What defines the price of a drone LiDAR solution?

A drone LiDAR system’s price is influenced by its technical specifications, including range, accuracy, and point density capabilities. High-performance systems are at a higher price due to their precision and advanced features. The integration complexity, including installation and calibration, also contributes to the overall cost.

Essential factors influencing investment decisions

Investment decisions depend on a project’s scope, specific requirements, and long-term goals. Finding the right balance between precision needs against budget constraints is really important. For projects requiring millimeter-level accuracy, investing in higher-end solutions is justified. However, for applications where broader accuracy is enough, cost-effective options may be more suitable.

Evaluating long-term benefits is equally important. LiDAR-equipped drones streamline workflows, reduce labor costs, and enhance data quality. This efficiency translates into substantial returns on investment over the years.

As we unravel the cost considerations, we step closer to understanding the holistic impact of Lidar-equipped drones on project efficiency, accuracy, and profitability. The intricate interplay between investment and benefits shapes decisions that not only optimize budgets but also fuel innovation and growth. As we look at the costs, we get a better idea of how LiDAR-equipped drones can make projects more efficient, accurate, and profitable. Figuring out how much you spend versus what you gain helps make choices that save money and also help you grow.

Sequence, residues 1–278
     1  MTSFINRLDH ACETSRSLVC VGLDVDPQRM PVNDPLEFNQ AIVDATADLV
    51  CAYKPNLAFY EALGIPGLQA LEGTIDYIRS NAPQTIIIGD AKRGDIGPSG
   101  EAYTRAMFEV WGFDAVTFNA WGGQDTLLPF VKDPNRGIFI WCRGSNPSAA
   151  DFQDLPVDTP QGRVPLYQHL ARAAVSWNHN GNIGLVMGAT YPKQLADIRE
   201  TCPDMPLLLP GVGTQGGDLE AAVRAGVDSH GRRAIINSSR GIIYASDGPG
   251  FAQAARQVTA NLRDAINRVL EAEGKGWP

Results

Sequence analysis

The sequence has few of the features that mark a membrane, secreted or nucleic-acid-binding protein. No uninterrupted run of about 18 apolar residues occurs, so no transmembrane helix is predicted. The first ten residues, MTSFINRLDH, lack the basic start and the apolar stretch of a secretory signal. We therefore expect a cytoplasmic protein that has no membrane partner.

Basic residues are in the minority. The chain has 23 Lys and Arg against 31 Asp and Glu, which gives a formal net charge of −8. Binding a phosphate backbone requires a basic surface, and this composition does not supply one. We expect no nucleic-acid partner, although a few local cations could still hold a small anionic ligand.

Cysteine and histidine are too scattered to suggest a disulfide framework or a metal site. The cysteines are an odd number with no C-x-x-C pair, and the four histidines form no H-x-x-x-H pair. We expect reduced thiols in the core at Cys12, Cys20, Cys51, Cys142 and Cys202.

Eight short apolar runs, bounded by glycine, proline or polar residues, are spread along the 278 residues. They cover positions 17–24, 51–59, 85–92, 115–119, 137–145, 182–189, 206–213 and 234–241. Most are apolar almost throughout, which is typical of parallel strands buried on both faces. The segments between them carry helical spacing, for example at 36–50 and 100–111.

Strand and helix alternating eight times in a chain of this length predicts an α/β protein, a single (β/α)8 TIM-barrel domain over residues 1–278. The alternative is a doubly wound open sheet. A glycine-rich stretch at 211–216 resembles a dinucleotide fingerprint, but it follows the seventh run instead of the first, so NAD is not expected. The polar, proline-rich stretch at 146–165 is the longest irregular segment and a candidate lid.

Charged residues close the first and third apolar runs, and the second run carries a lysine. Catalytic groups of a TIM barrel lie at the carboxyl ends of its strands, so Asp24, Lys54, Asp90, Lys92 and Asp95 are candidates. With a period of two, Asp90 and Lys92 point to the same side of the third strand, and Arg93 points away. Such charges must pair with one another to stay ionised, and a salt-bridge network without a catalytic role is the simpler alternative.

LiDAR for drone: FAQ

Answering frequently asked questions sheds light on the world of LiDAR-equipped drones, providing insight into what they can and cannot do.

LiDAR for drone systems operate at varying ranges, which are determined by their technical specifications. High–end sensors can reach several hundred meters, whereas more budget friendly options cover shorter distances. The range will depend mainly on the integrated sensor and may vary according to the different LiDAR integrators (such as GeoSLAM, Topodrone, YellowScan, etc.).

LiDAR data processing software varies based on system specifications. Many systems offer proprietary software, while others support integration with widely used platforms for streamlined data processing. Check out our YellowScan CloudStation software.

LiDAR-equipped UAVs are not limited to large-scale projects. These versatile tools can efficiently map various areas. Recent advancements, such as DJI’s integration of LiDAR technology, have democratized its usage. Whether surveying small zones or larger ones, these UAVs can generate detailed point cloud maps, enhancing the accuracy of geospatial information. This democratization has revolutionized how LiDAR and UAVs combine to capture topographical data, making it accessible beyond traditional projects.